A lawyer for one of the protocol’s investors, Nascent US LLC, said the lawsuit was frivolous. “This apparently ideologically driven lawsuit is a waste of the court’s and everyone else’s time,” the lawyer, Brian Klein, said.
Besides PoolTogether’s governance, Mr. Kent’s lawsuit also raises questions on how its protocol fits into existing U.S. regulatory frameworks. The protocol, which is modeled on a U.K. financial product known as premium bonds, straddles two industries that government regulators have long kept a close eye on: financial services and gambling.
Launched in 1956, premium bonds were meant to encourage savings by people “who are not attracted by the rewards of interest, but do respond to the incentives of fortune,” in the words of Harold Macmillan, the U.K.’s Chancellor of the Exchequer at the time. Today, investors can put anywhere between £25 ($34) and £50,000 ($68,010) into the bonds, with more money creating better odds. Unlike a regular lottery, bondholders cannot lose their stake. Instead, prizes are generated from interest on the funds collected.
In the PoolTogether version, the protocol generates interest on cryptocurrency deposits by farming those funds out to third-party lenders. One of the DeFi’s world’s biggest crypto-lenders, Compound Labs Inc., also is named in Mr. Kent’s suit.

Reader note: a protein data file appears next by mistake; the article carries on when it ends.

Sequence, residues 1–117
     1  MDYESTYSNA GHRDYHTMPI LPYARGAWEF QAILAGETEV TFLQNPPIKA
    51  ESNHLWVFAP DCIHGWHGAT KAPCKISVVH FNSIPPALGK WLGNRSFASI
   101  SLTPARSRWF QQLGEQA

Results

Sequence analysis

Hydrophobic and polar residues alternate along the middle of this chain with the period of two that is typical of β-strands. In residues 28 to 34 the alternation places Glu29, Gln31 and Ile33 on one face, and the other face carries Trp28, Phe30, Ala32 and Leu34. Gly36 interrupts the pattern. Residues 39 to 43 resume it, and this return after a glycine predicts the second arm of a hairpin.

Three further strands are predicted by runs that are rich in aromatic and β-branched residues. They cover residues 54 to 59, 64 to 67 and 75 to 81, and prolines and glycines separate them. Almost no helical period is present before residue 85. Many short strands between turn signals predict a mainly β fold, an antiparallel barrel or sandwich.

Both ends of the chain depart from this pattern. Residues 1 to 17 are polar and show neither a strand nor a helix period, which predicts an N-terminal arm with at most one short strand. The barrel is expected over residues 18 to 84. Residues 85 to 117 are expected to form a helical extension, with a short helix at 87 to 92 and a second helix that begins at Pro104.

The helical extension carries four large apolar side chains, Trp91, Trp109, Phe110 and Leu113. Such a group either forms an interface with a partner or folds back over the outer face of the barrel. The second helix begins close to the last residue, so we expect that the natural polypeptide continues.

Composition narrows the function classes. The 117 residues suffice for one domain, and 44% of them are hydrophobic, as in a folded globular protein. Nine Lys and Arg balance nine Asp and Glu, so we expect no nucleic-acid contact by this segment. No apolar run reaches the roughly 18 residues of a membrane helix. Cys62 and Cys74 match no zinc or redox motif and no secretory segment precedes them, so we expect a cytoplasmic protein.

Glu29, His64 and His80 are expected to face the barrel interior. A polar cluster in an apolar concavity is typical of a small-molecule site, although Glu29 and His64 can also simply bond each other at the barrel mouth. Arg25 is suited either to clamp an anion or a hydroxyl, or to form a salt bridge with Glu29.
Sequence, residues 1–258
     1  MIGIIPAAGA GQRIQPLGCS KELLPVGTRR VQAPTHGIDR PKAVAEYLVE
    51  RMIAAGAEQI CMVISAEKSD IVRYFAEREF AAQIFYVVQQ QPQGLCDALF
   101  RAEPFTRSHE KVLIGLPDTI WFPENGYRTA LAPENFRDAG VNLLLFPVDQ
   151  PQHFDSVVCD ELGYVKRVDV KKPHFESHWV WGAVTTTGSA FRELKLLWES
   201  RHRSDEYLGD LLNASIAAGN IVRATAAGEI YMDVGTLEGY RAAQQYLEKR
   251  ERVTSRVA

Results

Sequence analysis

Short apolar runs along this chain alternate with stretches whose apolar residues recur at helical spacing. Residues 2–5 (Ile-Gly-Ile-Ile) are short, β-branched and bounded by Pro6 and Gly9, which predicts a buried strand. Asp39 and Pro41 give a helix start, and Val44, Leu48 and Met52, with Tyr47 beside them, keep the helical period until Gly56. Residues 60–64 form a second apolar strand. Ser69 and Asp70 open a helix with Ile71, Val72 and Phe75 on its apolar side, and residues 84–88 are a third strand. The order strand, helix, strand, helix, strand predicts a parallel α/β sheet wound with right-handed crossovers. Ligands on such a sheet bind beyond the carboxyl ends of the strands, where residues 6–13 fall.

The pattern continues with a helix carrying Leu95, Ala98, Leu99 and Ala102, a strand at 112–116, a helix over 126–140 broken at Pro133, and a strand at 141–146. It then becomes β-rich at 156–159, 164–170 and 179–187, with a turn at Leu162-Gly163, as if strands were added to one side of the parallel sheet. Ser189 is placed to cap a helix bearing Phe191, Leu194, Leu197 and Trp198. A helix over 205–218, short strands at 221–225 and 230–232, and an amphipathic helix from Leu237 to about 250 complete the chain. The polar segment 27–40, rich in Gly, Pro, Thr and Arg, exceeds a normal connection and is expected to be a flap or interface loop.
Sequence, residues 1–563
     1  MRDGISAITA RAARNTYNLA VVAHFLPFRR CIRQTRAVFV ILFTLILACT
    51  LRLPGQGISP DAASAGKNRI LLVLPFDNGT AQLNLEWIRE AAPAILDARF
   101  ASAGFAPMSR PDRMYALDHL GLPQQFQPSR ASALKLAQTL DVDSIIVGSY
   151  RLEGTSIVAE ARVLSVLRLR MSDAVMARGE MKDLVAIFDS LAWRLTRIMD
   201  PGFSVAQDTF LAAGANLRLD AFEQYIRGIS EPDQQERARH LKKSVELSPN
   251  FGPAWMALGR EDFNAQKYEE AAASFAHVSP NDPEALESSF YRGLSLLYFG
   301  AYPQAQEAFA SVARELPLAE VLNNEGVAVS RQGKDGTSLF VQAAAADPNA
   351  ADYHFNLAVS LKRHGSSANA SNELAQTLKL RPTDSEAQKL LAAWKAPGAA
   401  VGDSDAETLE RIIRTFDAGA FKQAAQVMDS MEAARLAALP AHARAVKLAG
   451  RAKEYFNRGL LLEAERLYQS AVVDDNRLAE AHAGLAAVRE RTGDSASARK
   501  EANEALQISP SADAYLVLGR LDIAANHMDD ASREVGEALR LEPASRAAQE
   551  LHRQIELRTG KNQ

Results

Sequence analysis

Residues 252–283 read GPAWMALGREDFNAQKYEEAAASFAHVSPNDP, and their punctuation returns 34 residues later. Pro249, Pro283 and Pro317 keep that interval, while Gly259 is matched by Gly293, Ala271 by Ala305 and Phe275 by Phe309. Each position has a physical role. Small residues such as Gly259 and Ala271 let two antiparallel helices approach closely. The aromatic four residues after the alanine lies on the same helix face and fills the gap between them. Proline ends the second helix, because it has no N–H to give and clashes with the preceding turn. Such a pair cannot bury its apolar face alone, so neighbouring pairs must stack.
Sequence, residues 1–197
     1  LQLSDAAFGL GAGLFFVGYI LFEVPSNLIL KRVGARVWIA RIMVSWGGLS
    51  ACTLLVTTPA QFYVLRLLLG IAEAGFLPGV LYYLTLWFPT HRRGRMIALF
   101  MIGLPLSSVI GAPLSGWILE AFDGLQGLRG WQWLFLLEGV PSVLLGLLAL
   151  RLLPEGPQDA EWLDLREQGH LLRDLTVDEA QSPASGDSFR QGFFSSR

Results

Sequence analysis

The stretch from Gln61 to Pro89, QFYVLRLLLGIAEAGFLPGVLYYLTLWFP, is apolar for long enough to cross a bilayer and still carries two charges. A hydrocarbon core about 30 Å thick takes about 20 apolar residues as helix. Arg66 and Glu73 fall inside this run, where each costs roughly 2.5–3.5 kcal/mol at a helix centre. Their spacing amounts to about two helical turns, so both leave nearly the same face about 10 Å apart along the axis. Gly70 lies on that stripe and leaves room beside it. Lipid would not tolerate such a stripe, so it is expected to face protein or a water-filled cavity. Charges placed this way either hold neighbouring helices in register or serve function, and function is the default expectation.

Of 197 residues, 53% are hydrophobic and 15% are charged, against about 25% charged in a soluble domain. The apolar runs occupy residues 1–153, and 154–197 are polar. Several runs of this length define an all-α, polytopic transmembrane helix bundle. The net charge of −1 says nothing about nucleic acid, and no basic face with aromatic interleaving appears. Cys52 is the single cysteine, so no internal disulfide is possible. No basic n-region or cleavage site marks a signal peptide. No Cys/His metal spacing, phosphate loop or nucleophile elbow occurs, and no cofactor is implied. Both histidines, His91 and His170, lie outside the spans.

In 2014, the U.S. passed a law that allows states to create their own versions of the U.K.’s premium bonds, by authorizing banks and credit unions to create so-called prize-linked savings accounts.
Mr. Kent, who says he deposited $10 worth of cryptocurrency in PoolTogether in October, has argued the protocol doesn’t qualify as any of the institutions permitted under U.S. law to run prize-linked savings accounts. His suit has been filed under a New York state law that allows a person who purchases an illegal lottery ticket to bring a class-action lawsuit on behalf of themselves and other ticket-holders.
Under the state law, defendants in these lawsuits are liable for as much as twice the amount that the entire class paid for their tickets. PoolTogether “gamblers” have made deposits at least $122 million, according to Mr. Kent’s lawsuit.
The PoolTogether defendants have yet to fully respond to Mr. Kent’s claims. But Mr. Broughel, in PoolTogether Inc.’s December filing, said his client would ask the judge to force Mr. Kent to arbitrate the matter, or alternatively dismiss the case as a matter of law. The parties are scheduled to discuss their arguments next month at a hearing in the U.S. District Court for the Eastern District of New York.
In the filing, Mr. Broughel previewed some of his client’s arguments for dismissing the suit. He expressed skepticism of Mr. Kent’s motives, saying his $10 deposit was an apparent effort to create standing for his lawsuit. Mr. Broughel also argued that the PoolTogether protocol isn’t a lottery, and that deposits made by savers don’t qualify as the purchase of lottery tickets.
Mr. Cusack, PoolTogether’s founder, also has defended the protocol against the lawsuit.
“It’s filed by someone who works in politics and the stated motivation is that cryptocurrencies are bad for the environment,” he wrote in November on a PoolTogether message board.
He added: “It’s clearly written by someone who doesn’t understand how protocols operate or even what PoolTogether is.”